Robert Lamm – The JVE Remixes (2012)

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Really, this isn’t a Robert Lamm remix album at all. More like a complete rebuild, using scraps of timber, radically rearranged bricks and a few familiar pieces of furniture.

In John Van Eps’ hands, age-old Chicago songs like “25 or 6 to 4,” “Beginnings,” “Does Anybody Really Know What Time It Is” and “Saturday in the Park” aren’t just transformed with a big beat, they’re pulled apart and put back together again — sometimes in radically different ways. And yeah, there’s also a big beat.

Robert Lamm first worked with Van Eps when the producer participated in a remix project for his 2008 solo effort The Bossa Nova Project. That sparked the idea of working together to transform a series of Chicago songs — but, when the rest of the group seemed less interested, The JVE Remixes became Lamm’s latest release, due on June 1, 2012 from Blue Infinity/Chicago Records II. A trio of Robert Lamm solo songs also appear (“You’re My Sunshine Every Day” and “It’s a Groove, This Life” from 2003’s Subtlety and Passion; and “On The Equinox,” from his current release Living Proof), but being as these are the less well-known tracks, they simply can’t match the eye-popping surprises found elsewhere.

It starts, appropriately enough, with “Beginnings.” Applying an angular, grinding new rhythm, John Van Eps then feeds Lamm’s voice through what sounds like an underwater blender. “Saturday In The Park” takes the song’s most familiar elements — bleeps of brass, the line: “change the world” — and tosses them up in the air like a jigsaw puzzle. Van Eps then uses the single word “time” as a counterpoint for his sleek, new-look “Does Anybody Know What Time It Is?” Meanwhile, “Questions 67 and 68” takes on this spacious smooth-jazz groove. “25 or 6 to 4” is reimagined as a tangy salsa, becoming at first almost unrecognizable, then returns with Terry Kath’s familiar thrumming riff again at its center for a second remix.

Is this going to draw fans from the electronica crowd into the Chicago catalog? Hard to say. Piss off the old fans? Likely. Either way, Robert Lamm is ready to shake things up — something that’s desperately needed for a group that appears to have lost its way creatively.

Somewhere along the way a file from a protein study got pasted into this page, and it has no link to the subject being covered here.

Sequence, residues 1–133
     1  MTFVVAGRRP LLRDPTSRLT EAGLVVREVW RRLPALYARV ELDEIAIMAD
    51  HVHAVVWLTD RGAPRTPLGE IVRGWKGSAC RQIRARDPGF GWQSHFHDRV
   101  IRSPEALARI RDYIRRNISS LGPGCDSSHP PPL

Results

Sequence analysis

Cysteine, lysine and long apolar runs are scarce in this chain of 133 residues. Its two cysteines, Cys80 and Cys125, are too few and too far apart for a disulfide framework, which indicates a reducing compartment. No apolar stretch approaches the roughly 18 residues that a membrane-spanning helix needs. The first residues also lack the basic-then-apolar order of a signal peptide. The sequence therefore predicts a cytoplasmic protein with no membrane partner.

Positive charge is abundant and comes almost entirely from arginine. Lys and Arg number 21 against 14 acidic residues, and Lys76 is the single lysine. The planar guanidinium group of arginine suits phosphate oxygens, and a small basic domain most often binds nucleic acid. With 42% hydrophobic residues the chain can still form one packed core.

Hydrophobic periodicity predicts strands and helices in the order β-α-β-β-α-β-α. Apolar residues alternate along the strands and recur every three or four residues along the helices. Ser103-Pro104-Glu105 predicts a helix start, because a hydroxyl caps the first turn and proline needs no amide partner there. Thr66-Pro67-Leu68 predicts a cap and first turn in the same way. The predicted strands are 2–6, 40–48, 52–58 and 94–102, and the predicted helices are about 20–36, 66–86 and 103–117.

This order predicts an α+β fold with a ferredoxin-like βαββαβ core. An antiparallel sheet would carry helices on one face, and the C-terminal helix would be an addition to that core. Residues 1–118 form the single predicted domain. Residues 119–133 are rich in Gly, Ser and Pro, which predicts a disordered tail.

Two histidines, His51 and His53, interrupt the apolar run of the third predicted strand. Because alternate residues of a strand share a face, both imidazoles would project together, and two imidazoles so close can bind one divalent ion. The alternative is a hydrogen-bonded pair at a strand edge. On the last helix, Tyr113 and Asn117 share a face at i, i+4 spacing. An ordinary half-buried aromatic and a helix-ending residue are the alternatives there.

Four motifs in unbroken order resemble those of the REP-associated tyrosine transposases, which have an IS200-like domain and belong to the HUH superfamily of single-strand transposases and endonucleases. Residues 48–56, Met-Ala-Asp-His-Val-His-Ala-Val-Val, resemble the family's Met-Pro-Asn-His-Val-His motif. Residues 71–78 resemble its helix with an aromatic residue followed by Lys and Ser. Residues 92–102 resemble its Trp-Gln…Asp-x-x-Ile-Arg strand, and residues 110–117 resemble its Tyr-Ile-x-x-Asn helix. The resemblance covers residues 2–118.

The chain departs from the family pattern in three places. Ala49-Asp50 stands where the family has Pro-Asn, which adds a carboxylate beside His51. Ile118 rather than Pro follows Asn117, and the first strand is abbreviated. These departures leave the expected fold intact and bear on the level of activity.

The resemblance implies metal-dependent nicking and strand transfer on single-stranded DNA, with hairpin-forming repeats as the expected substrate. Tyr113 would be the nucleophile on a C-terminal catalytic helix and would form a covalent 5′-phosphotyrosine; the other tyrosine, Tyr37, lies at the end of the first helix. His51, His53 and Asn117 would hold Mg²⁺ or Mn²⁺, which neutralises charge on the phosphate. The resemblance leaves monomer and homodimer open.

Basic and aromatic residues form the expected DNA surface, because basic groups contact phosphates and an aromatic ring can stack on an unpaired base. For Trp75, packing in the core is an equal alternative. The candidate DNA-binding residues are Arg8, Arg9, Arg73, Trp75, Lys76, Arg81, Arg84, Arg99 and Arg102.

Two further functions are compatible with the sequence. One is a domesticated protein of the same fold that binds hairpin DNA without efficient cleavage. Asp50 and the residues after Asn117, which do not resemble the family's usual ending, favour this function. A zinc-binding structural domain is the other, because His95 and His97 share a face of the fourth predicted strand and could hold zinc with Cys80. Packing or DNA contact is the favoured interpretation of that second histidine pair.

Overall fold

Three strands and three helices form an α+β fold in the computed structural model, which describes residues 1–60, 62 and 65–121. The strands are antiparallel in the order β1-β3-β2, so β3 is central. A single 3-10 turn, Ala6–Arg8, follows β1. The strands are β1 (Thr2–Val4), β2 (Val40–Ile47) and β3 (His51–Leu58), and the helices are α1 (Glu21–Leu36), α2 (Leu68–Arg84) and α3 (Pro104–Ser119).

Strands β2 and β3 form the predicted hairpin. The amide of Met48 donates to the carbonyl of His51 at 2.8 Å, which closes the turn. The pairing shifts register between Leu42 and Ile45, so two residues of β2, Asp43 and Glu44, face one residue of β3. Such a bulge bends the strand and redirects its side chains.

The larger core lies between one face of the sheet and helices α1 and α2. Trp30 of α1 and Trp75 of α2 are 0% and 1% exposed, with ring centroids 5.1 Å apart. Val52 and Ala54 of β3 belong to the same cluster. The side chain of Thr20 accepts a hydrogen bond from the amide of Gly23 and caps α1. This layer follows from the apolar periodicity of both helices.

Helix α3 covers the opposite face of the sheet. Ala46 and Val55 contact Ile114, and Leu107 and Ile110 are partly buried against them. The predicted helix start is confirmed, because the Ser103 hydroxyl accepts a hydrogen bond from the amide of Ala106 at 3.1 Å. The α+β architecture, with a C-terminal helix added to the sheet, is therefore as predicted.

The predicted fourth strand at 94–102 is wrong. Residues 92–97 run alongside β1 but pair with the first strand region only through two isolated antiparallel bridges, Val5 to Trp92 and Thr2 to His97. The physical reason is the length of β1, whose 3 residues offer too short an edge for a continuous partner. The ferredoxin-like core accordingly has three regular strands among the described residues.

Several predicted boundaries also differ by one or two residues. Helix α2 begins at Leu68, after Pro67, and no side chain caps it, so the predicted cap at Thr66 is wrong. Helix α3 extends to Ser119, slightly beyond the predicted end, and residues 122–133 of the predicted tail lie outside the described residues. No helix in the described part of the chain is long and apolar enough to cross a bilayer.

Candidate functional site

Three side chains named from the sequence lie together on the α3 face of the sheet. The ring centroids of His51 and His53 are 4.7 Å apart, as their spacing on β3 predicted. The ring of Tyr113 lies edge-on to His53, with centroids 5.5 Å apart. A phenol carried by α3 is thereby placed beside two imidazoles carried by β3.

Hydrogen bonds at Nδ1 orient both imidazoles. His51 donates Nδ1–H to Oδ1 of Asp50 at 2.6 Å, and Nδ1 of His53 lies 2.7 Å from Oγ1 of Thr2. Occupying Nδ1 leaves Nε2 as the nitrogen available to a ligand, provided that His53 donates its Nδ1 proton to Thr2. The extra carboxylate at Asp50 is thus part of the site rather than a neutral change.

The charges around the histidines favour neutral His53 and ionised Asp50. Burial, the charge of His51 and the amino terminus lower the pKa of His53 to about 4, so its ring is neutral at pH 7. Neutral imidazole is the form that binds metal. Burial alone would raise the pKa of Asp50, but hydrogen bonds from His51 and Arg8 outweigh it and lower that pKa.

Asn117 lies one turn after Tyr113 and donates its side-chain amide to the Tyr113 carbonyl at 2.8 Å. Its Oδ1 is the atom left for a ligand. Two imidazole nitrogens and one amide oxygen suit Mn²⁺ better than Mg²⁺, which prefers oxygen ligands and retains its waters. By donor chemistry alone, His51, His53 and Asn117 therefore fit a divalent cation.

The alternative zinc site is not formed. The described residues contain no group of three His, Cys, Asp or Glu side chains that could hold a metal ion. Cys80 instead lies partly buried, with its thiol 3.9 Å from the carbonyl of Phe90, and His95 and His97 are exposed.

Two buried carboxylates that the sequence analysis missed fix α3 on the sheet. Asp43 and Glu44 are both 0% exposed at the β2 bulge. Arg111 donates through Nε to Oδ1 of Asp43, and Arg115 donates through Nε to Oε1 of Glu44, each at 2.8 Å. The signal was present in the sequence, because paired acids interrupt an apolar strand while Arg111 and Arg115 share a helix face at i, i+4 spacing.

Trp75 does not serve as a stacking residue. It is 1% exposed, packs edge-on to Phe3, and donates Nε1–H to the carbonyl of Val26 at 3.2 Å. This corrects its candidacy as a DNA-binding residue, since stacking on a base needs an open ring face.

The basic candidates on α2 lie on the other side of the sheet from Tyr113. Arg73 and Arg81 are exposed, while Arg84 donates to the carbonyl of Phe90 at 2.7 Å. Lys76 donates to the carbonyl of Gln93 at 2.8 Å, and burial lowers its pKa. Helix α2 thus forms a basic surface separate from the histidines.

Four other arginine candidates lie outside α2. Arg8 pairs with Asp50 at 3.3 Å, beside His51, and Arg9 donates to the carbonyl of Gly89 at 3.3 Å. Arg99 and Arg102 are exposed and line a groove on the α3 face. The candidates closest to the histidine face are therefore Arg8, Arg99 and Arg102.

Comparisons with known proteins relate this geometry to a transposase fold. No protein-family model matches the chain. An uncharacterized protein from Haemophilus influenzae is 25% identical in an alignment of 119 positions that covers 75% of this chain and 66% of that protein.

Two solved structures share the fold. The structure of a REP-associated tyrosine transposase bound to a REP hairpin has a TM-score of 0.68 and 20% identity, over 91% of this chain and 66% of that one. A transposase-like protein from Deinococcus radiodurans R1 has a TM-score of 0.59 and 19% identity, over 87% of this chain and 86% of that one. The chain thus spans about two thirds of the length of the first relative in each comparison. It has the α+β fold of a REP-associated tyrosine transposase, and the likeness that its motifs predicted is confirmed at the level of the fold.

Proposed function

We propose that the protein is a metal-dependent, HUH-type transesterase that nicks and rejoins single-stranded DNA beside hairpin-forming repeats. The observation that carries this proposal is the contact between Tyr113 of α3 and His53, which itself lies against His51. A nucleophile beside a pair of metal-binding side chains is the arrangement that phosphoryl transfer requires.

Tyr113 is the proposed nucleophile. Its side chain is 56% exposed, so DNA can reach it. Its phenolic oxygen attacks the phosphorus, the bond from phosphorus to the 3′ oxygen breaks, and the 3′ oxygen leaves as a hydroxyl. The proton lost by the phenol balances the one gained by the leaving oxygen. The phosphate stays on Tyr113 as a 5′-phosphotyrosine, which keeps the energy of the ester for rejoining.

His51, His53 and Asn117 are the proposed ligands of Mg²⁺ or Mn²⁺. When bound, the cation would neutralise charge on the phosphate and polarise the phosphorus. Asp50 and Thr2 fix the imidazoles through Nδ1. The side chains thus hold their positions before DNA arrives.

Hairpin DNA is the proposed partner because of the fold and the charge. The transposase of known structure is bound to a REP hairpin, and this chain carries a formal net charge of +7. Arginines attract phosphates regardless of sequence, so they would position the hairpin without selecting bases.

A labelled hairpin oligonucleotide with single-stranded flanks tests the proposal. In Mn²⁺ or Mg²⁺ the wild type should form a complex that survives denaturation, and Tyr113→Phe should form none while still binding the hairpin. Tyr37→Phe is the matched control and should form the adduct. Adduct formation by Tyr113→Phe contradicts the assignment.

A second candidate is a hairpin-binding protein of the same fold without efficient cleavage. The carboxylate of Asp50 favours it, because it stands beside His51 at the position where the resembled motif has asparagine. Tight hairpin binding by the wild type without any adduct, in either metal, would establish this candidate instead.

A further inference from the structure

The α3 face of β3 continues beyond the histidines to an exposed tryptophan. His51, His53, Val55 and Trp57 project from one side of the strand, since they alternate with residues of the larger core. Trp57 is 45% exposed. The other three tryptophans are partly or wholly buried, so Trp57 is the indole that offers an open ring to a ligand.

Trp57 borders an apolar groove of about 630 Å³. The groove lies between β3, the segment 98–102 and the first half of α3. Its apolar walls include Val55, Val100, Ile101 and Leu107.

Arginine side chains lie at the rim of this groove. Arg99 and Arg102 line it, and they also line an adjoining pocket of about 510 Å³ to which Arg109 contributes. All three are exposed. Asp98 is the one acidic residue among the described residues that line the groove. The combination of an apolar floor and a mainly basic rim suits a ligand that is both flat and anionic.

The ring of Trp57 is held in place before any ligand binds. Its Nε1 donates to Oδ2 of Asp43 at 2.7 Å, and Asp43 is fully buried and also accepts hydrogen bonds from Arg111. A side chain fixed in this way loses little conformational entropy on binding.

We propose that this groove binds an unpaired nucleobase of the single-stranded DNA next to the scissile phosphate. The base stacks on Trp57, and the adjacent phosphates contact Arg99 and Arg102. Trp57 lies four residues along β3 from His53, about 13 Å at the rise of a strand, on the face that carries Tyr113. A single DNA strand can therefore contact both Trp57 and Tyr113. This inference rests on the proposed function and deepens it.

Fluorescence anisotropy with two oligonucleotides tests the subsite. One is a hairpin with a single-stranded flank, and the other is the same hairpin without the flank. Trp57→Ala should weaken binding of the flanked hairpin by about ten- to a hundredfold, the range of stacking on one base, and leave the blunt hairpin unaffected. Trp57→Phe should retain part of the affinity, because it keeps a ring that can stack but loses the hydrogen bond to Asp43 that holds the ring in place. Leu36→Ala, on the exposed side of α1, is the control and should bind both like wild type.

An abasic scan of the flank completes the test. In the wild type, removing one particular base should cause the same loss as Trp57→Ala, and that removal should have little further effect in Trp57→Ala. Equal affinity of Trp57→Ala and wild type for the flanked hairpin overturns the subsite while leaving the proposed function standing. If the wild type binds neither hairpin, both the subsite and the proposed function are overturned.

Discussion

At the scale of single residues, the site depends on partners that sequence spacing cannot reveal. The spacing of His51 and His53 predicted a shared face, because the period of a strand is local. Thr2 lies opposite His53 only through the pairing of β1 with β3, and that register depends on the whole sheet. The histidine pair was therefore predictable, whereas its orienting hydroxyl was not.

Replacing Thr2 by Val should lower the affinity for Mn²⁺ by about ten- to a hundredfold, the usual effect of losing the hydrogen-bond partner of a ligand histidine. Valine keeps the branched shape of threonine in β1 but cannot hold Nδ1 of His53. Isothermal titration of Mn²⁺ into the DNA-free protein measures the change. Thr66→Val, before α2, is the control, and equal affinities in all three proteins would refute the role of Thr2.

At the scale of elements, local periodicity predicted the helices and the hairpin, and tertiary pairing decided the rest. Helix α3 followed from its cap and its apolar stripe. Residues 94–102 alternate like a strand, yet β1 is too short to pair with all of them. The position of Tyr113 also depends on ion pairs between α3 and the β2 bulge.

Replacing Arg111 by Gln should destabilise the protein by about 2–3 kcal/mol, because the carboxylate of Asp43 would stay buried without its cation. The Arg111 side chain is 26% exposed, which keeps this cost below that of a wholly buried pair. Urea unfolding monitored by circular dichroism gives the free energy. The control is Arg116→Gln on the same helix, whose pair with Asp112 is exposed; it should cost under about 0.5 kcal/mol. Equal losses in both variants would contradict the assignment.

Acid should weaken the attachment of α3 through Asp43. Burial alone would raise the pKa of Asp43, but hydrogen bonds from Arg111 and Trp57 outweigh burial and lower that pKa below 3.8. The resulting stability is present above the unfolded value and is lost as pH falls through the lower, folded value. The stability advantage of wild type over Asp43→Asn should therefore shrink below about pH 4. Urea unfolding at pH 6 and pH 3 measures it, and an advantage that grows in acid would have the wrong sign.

‘The JVE Remixes’ is available for purchase through Robert Lamm’s Web site.

Nick DeRiso

Nick DeRiso

Nick DeRiso has written for USA Today, American Songwriter, All About Jazz, and a host of others. Honored as columnist of the year five times by the Associated Press, Louisiana Press Association and Louisiana Sports Writers Association, he oversaw a daily section named Top 10 in the U.S. by the AP before co-founding Something Else! Nick is now associate editor of Ultimate Classic Rock.
Nick DeRiso
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  • Terry

    Lamm is the only member left in Chicago that I continue to creatively respect, although I need to admit I haven’t followed his solo career closely enough to have all that informed of an opinion.

    And of course the horn section is a defining feature of Chicago’s classic sound, but for me the tragically underrated power trio of Kath, Seraphine, and Cetera, along with Lamm’s early creative contributions, are what really make Chicago for me.

    So while an intact horn section plus Lamm is still very attractive for some fans, I can’t extract the power trio from the equation and be satisfied with an uninspired Lamm. I hope he gets his creative fix in his solo work. If he ever opened for Chicago with his own band, that might get me to go.

    • J-Jam

      Robert Lamm has a criminally underrated solo career. His solo albums are far more satisfying than anything he’s done with Chicago in over 20 years. Go to iTunes and download his albums. Start with “Subtlety & Passion”, then “Living Proof”, then “In My Head”. Don’t forget the superb “Bossa Project”.